My very first thought:
Nobody can be absolutely sure that something has not happened, so the only acceptable answer to your question would be an example. I'm trying to explain my thoughts on why you are very unlikely to get such an example. My argument is inspired by the Drake equation.
Let me start with some facts that I think we all agree on (more or less, hopefully):
- Recovering data from a wiped SSD can be done (theoretically and practically).
- Doing so is far from being easy, it requires knowledge, ressources, maybe time.
As with any attack, we have three parameters to look at:
- required skill
- required ressources
How are the chances, that law enforcement has skill and ressources available? NSA, Mossad, KGB - sure. An "ordinary" police department? Likely they can do it if they're able to convince someone it's important enough and there's no other way. It's certainly not "routine".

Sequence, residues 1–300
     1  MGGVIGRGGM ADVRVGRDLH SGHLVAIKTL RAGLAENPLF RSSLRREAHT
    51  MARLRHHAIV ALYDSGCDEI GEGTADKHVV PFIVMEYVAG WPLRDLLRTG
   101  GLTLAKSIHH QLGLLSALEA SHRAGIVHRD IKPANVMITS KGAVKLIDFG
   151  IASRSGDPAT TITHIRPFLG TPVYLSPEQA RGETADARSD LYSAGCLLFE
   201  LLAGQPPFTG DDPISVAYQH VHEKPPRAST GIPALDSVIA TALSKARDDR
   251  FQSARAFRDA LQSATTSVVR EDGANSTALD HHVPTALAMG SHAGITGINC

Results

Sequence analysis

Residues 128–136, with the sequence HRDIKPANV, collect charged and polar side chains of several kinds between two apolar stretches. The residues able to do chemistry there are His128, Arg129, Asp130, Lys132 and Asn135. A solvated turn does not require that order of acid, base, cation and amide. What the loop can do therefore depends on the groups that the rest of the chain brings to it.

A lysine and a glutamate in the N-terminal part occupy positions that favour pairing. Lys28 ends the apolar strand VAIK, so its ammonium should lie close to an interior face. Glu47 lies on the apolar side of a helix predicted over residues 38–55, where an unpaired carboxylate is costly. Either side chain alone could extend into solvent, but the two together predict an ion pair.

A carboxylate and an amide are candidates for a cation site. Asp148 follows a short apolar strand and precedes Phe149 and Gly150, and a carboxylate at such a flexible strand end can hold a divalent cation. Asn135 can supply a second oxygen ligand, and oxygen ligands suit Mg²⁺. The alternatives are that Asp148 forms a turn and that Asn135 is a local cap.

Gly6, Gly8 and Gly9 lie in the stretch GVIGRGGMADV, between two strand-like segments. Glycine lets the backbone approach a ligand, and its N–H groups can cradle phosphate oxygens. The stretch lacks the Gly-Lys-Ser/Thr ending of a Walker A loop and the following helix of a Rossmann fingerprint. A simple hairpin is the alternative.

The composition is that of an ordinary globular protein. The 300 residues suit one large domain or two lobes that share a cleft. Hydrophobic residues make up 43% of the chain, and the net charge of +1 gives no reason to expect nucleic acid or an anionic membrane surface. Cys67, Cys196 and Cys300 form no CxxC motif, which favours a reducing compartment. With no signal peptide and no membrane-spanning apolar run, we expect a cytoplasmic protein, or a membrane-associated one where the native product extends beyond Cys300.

That's where we're talking about motivation. In order to be motivated (enough), the following things must be true:
- Some "suspect" must have stored data on a SSD. (Not a HDD, not a floppy...)
- Somebody - for some reason - decided to wipe that SSD. (This takes a little time and effort and thus should be done before the police rings at your door.)
- The SSD must not have been protected by other means such as strong encryption. (Note, that at this point we have a person who not only knows about wiping a SSD, but actually did so because he knew his secrets might be compromised otherwise. It's certainly possible, though very unlikely, that such a person didn't use encryption in the first place.)
- Law enforcement must either know or at least assume that there's "something" to be found on that particular SSD. (Otherwise they wouldn't look.)
- The crime we're talking about must have been considered "important enough".
- There was no other way the data could be obtained or there was not enough other evidence against the suspect.
So, finally, we're motivated enough. There's still more to consider:
- The whole operation must have been performed successfully.
- The operation must have been documented and made publicly available.
I think if we multiply all those chances, we're getting a chance very, very close to zero, that there will be proof that something like this has ever been successfully done.